6. Intergovernmental Relations

     The “horizontal” relationship between the states.
     State compacts.
     The requirement of “full faith and credit” in our constitutional system of “joint sovereignty.”
     Extradition.

Constitutional Limitations on Congressional Power

      Textual limitations on the power of Congress, including suspension of the writ of habeas corpus to which alien terrorists, now captured on the field of battle, are apparently entitled.

Constitutional Limitations on the Power of the States

     The few textual constitutional limitations on the power of the states, including the prohibition against impairment of contracts—which didn’t prevent the Supreme Court from upholding the Minnesota Mortgage Death Act in the heyday of the New Deal.
     Racially restrictive realty covenants.

7. Prohibitions on Congress and the States: The Bill of Rights and the Fourteenth Amendment

     Introduction to the Bill of Rights
     By what trick of judicial legerdemain did the Bill of Rights—of which the First Amendment begins: “Congress shall make no law…”—come to limit the powers reserved to the states under the Tenth Amendment?
     The “Incorporation Doctrine”
     The myth of “Substantive” Due Process, and its impact on laundresses, anarchists, killers; and also on contraception and abortion.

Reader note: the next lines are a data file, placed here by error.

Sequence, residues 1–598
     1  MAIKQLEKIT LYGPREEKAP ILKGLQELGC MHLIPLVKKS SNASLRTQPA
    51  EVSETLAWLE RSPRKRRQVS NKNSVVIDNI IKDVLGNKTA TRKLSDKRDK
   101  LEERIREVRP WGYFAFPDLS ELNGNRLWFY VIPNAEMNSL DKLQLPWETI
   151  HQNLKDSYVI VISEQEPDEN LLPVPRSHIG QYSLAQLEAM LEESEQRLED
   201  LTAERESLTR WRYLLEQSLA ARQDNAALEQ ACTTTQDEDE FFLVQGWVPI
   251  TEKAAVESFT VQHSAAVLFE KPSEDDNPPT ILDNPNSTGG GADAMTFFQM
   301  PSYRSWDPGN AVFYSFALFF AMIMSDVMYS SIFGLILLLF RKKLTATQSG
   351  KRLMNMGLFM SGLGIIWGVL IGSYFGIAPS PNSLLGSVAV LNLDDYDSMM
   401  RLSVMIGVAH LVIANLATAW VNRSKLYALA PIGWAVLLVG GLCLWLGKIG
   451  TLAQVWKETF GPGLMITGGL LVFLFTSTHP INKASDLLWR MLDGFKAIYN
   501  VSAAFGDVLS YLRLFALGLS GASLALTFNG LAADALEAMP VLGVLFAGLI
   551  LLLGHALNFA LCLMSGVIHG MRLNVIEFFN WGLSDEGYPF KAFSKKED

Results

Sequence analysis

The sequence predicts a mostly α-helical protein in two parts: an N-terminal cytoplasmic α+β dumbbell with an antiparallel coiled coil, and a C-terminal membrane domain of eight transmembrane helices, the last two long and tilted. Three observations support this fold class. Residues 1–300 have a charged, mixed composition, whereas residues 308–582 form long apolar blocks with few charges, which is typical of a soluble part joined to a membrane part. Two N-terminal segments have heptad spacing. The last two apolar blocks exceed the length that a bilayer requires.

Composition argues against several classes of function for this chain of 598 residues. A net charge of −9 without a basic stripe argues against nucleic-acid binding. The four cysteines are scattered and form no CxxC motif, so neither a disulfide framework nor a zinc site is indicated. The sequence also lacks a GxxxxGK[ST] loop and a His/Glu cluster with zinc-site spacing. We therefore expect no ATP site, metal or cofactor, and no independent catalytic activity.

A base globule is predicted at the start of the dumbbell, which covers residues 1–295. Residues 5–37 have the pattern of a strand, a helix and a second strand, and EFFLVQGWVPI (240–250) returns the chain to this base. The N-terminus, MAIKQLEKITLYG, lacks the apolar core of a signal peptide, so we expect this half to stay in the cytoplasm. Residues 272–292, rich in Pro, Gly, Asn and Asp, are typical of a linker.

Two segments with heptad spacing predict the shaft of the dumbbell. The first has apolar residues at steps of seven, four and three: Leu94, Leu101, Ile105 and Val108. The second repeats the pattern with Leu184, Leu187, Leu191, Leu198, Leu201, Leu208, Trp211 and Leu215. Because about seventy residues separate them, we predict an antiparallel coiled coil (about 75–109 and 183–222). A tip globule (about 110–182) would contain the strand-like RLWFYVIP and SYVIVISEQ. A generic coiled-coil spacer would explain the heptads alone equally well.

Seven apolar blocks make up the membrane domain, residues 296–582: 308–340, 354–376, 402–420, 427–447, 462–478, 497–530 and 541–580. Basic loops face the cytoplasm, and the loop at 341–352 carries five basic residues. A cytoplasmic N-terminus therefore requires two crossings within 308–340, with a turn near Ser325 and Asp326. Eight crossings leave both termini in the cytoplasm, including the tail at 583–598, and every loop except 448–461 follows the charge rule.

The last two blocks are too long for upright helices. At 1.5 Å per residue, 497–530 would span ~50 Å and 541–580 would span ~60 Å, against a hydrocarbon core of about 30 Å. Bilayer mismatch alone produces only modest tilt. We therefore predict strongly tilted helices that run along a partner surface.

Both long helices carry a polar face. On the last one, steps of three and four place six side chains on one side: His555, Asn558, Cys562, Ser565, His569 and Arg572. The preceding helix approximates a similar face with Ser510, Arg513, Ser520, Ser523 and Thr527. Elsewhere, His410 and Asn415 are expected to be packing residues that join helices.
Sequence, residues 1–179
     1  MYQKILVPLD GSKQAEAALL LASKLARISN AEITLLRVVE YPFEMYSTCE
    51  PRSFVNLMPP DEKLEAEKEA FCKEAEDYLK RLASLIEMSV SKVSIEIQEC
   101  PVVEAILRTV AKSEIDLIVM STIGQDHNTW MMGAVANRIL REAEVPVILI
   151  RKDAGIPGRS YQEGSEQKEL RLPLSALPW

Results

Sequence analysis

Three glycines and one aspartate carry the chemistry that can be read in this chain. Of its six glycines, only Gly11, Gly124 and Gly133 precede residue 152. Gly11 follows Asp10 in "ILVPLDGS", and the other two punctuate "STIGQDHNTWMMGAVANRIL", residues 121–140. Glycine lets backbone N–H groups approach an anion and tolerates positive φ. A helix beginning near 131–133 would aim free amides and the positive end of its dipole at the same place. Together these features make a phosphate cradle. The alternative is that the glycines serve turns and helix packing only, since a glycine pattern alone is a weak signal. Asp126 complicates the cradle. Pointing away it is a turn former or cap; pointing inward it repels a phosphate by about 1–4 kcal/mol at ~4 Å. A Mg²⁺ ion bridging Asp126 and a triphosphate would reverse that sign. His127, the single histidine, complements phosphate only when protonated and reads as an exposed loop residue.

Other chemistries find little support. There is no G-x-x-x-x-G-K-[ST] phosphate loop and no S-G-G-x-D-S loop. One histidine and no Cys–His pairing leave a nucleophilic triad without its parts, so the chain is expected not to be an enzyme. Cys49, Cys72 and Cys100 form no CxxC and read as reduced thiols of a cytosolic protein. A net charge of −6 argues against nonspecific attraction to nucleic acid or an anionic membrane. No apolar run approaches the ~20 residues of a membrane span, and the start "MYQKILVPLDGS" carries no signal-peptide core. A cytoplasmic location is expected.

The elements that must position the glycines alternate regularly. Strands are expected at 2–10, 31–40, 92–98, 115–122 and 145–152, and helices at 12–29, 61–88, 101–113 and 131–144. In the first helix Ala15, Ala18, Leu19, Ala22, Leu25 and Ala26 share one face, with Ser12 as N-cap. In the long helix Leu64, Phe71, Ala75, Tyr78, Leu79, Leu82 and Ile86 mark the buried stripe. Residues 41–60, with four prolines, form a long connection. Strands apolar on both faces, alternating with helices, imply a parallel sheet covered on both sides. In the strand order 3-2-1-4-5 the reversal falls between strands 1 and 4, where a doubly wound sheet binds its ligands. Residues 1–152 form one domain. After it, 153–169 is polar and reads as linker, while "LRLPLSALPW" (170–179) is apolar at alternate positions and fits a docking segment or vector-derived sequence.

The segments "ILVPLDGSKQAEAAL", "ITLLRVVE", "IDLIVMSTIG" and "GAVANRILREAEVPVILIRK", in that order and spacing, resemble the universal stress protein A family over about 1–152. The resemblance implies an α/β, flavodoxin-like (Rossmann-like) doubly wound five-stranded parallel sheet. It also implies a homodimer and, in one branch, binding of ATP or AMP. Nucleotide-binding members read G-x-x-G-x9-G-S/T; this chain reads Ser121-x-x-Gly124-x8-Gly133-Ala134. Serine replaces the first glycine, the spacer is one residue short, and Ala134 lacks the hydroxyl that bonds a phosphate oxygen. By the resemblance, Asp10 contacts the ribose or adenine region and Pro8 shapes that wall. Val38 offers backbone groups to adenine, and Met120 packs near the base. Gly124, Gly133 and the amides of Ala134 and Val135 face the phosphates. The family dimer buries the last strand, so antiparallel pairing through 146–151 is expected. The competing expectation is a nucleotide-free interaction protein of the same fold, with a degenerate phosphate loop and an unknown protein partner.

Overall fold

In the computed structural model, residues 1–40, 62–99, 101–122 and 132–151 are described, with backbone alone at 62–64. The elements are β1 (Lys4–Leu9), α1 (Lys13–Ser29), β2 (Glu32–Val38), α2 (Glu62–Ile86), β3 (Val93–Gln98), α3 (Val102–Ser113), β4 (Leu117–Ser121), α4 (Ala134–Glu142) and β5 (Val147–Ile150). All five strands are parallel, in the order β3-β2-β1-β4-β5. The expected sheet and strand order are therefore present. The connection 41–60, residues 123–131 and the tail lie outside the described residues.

8. The First Amendment

     Religion. Who’s correct about “establishment of religion,” the Founders, or the ACLU and the Supreme Court? And to know whether the “free exercise” of religion is really free, ask the Mormons.
     Speech. Of the various categories of speech—political, obscene, threatening, commercial, symbolic, employee, defamatory, and indecent—which are more, and which less, protected— and why? What about subversive advocacy, and political campaigns?

9. The Eighth Amendment

Cruel and Unusual Punishment, including why drawing and quartering is no longer acceptable but vegetarian meals for murderous prisoners might be required.

10. Equal Protection of the Law

     The Emancipation Proclamation to the Fifteenth Amendment, including various Civil Rights Acts.
     Racial discrimination, white juries, and interracial marriages.
     The racism euphemistically called “affirmative action.”
     Racial segregation, including Brown v. Board of Education (I), desegregation with “all deliberate speed,” and the dozen-year school desegregation case.
     Does desegregating a school mean that it must then be forcibly integrated?

Conclusion

     Political party platforms.
     Final thoughts about the leitmotif of The American Constitution and Ayn Rand's "Inner Contradiction,"  and the destruction wrought by that “inner contradiction.”

Notes

Supplementary textual material.